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Welcome the second half of 2018 with these sounds and stories

Welcome the second half of 2018 with these sounds and stories

It’s been a couple of days since we passed the halfway mark of the year, and despite how 2018 seems intent on being another dumpster fire of a year, we’re still holding out hope that things would turn around.

Listening to something enjoyable and even informative definitely helps keep us from imploding with frustration, and these new (and new-ish) releases can keep you entertained whenever you feel the need to tune out a bit from the constant barrage of shitty news.


Keynian Lonsdale, “Preach”

Debuting just before the end of Pride Month, our current favorite bisexual prince Keynian Lonsdale‘s newest single is a better showcase of what he can really do compared to his more mellow previous release “Kiss the Boy.”

The music video for the soul/R&B-tinged (and Frank Ocean-reminiscent) “Preach” has the 26-year-old Love, Simon actor serving some really serious moves—he was a recurring cast member in the Australian teen drama series Dance Academy, after allto lyrics that speak of emotional openness and vulnerability. Lonsdale also sports two distinct looks in the MV: one in all-black as he pirouettes and slinks across a deserted bar, and the other as a bare-chested Rainbow Boy gleefully leaping and cavorting in the outdoors. In an email interview with The FADER, he reveals that his second single was something he had unknowingly written for himself almost a year ago, and that it’s about “fucking with your own soul, agreeing to be on the ride together no matter what, and discovering/remembering that magic is real if you believe it so.” Preach.


Tierra Whack, Whack World

Remember Missy Elliott’s “One-Minute Man”? Hip-hop artist Tierra Whack would have to be the “One-Minute Woman,” though her title would definitely not be about her lack of prowess or skills.

The 22-year-old presents a buffet of sounds with her debut audiovisual album Whack World, with 15 cuts that run the gamut of trap music, doo-wop, slow jam R&B, mumble rap, and more, with even some country twang thrown in. While on paper, all of that sounds like a headache to listen to, Whack World is pleasantly cohesive: It’s testament to Whack’s talent and overarching vision how smoothly each song transitions into the next to form not just a Whack world (pardon the pun) but a complete Whack universe.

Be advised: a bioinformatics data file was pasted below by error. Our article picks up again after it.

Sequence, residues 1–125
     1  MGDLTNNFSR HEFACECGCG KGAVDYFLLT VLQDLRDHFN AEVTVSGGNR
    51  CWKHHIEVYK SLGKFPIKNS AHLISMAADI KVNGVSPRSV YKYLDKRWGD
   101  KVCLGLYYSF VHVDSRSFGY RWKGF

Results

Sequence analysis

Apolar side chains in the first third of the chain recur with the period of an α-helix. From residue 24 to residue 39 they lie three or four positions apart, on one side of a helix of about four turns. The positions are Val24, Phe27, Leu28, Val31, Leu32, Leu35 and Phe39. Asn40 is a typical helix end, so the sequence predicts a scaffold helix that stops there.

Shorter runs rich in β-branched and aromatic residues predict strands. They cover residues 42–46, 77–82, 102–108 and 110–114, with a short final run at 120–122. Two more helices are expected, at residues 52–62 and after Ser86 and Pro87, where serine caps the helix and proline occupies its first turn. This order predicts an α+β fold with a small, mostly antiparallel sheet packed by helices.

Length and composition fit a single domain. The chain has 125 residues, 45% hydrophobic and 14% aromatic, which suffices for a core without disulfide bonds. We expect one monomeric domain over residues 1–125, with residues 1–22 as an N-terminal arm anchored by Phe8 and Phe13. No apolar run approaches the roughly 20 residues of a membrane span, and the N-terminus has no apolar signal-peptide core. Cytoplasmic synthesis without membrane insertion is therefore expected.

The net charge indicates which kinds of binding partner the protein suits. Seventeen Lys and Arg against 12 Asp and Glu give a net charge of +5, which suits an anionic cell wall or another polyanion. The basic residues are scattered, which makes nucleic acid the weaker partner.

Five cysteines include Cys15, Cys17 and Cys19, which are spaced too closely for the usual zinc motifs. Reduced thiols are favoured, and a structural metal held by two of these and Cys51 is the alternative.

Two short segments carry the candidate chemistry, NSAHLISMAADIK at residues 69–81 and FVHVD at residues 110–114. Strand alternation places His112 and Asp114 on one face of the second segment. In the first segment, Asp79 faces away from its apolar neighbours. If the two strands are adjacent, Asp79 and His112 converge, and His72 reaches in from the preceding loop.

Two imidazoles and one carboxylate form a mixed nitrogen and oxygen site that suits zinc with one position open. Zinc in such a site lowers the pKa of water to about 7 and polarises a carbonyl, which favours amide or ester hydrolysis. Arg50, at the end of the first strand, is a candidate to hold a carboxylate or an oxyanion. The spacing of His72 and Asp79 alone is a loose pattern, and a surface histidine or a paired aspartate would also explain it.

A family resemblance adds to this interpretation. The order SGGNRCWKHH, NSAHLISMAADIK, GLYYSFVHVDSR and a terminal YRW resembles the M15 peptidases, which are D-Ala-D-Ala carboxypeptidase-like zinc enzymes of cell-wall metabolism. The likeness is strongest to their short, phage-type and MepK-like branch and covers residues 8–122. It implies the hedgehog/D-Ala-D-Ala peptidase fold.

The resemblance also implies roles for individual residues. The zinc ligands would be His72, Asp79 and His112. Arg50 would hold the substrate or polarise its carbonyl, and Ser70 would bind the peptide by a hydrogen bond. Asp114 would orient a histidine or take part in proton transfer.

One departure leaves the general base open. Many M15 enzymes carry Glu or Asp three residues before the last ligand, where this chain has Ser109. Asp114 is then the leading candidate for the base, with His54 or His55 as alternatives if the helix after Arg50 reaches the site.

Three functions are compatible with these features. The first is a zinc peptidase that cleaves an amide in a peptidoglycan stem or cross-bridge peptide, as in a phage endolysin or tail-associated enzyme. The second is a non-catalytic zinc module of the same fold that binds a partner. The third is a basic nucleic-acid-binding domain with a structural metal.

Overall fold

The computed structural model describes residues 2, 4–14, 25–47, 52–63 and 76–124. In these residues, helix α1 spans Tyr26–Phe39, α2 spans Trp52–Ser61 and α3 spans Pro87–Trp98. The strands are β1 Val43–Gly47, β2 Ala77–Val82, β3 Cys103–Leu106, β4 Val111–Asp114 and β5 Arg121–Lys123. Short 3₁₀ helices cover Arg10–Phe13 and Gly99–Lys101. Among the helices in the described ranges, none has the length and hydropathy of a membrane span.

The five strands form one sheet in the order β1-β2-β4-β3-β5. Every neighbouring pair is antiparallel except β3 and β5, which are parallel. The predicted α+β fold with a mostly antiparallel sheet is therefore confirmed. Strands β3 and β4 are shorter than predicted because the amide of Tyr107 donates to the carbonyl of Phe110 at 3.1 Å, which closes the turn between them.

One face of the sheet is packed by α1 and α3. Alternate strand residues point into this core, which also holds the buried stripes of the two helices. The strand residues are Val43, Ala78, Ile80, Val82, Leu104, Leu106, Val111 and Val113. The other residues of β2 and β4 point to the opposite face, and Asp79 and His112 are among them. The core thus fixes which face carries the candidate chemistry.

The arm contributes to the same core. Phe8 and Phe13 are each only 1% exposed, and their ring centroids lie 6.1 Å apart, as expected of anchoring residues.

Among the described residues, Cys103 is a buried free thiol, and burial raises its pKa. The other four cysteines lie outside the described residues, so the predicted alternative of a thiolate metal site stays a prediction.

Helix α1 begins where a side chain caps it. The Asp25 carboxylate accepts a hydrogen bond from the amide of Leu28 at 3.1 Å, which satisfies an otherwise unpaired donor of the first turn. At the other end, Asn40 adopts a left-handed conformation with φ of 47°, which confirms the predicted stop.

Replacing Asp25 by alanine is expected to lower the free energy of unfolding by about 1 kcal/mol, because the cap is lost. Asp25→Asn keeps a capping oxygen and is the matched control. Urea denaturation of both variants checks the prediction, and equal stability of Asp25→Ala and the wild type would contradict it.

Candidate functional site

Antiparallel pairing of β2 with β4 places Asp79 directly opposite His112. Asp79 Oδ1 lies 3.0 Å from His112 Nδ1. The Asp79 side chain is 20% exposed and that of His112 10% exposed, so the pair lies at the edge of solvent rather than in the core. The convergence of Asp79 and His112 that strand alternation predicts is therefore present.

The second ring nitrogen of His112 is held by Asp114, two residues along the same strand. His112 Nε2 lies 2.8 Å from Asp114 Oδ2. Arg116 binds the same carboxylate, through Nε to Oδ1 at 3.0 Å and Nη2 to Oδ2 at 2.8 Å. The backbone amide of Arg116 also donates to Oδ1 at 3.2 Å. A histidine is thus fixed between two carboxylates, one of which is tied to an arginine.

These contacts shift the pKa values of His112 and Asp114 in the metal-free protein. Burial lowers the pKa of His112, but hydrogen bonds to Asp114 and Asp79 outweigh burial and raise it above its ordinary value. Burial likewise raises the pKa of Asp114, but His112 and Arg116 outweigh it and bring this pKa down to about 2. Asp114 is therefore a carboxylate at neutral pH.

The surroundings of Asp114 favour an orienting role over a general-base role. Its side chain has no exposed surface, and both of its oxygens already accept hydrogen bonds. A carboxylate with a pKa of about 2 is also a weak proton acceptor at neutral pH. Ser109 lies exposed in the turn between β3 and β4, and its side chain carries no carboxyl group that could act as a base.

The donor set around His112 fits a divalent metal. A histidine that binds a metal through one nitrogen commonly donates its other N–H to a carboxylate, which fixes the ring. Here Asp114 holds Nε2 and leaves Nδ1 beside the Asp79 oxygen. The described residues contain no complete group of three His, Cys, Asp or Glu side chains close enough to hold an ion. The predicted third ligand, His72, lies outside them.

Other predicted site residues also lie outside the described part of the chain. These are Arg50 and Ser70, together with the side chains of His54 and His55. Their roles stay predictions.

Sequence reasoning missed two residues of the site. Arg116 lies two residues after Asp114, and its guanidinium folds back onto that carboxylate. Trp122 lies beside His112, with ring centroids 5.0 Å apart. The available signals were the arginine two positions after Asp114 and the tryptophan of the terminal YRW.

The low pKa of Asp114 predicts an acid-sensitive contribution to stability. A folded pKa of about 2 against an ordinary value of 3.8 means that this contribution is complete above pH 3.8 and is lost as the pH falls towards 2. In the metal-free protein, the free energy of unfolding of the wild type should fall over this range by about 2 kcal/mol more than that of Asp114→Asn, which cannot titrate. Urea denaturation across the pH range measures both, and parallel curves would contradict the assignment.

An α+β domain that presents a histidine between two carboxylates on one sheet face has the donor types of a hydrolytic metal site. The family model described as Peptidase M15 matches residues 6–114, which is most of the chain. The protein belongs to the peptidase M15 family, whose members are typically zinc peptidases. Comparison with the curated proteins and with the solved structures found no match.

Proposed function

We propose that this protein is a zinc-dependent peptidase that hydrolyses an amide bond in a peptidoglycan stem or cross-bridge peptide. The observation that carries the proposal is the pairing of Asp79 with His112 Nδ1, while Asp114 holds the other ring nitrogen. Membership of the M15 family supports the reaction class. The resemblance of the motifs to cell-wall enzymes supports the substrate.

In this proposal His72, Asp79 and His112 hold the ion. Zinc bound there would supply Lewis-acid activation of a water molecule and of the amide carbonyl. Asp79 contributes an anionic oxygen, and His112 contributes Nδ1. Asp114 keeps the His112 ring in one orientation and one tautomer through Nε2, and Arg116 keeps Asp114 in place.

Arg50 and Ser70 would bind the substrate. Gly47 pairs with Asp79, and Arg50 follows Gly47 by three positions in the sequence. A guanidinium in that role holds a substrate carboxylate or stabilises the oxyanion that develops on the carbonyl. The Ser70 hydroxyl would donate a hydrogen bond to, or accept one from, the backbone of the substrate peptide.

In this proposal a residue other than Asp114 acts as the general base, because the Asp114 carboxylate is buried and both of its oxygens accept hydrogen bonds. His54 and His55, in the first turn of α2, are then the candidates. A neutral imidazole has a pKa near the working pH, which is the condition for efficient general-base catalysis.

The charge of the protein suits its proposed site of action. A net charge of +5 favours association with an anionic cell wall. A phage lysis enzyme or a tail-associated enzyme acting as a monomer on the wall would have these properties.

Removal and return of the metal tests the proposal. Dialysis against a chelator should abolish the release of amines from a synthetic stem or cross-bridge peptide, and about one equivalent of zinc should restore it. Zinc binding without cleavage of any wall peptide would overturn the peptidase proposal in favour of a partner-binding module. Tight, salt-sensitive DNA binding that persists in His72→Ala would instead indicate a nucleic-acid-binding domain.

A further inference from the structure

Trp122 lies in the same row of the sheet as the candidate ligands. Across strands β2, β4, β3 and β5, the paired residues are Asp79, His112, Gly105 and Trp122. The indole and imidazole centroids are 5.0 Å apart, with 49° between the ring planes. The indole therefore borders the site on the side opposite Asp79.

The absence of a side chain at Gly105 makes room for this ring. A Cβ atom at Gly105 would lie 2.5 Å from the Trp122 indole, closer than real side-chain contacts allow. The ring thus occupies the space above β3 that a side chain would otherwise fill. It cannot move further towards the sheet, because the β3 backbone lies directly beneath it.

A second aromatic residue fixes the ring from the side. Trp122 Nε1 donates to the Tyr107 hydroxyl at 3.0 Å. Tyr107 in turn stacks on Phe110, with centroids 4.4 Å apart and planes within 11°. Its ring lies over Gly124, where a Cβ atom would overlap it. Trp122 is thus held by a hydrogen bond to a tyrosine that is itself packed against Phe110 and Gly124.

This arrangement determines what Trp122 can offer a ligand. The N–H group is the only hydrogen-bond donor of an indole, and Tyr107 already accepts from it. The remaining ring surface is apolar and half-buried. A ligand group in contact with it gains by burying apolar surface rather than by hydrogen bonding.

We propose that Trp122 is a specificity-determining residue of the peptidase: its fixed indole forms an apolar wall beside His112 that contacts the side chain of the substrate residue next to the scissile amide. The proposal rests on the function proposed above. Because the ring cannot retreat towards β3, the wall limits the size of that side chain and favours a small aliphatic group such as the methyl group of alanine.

Another key is the song length: Each runs for only one minute, deliberately made short to catch the listener’s ear and sustain their interest. It’s a pretty practical tactic, on top of being a creative one too: In an interview with Pitchfork, Whack admits, “I just didn’t want to overwhelm the world. I’ve seen people drop their first projects where it’s like 17 songs, and I don’t want to hear that shit. And, to be honest, when I’m listening to new albums, I’m only listening to the first 30 seconds before I know if I like it or not.”

The corresponding videos are also digestible for the Instagram crowd. Their surrealist aesthetic and palpable sense of humor are positively Seussian—Whack credits the children’s book author and illustrator for getting her into poetry as a kid—and also calls to mind the avant-garde/absurdist appeal of Missy Elliott’s MVs. It’s difficult to look away even for a moment, given the knowledge that they’d run for only 60 seconds—a classic case of someone who’s masterful at leaving people wanting for more.

Whack World was released back on May 30, so stop sleeping on it. Listening to the whole album could easily be the best 15 minutes of your day.

See Also


You Must Remember This new season

Karina Longworth returns with a new season of her podcast, and its scope is quite timely. Titled “Fake News: Fact-Checking Hollywood Babylon,” You Must Remember This delves into Hollywood urban legends in an attempt to separate the wheat from the chaff, and is also an exploration of gossip culture and the tenuous relationship that people tend to have with the truth. Anchoring the series is the infamous 1959 book Hollywood Babylon, an “exposé” of some of Tinseltown’s darkest and best-kept secrets, written by avant-garde filmmaker Kenneth Anger.

The first episode is now available on the You Must Remember This website.


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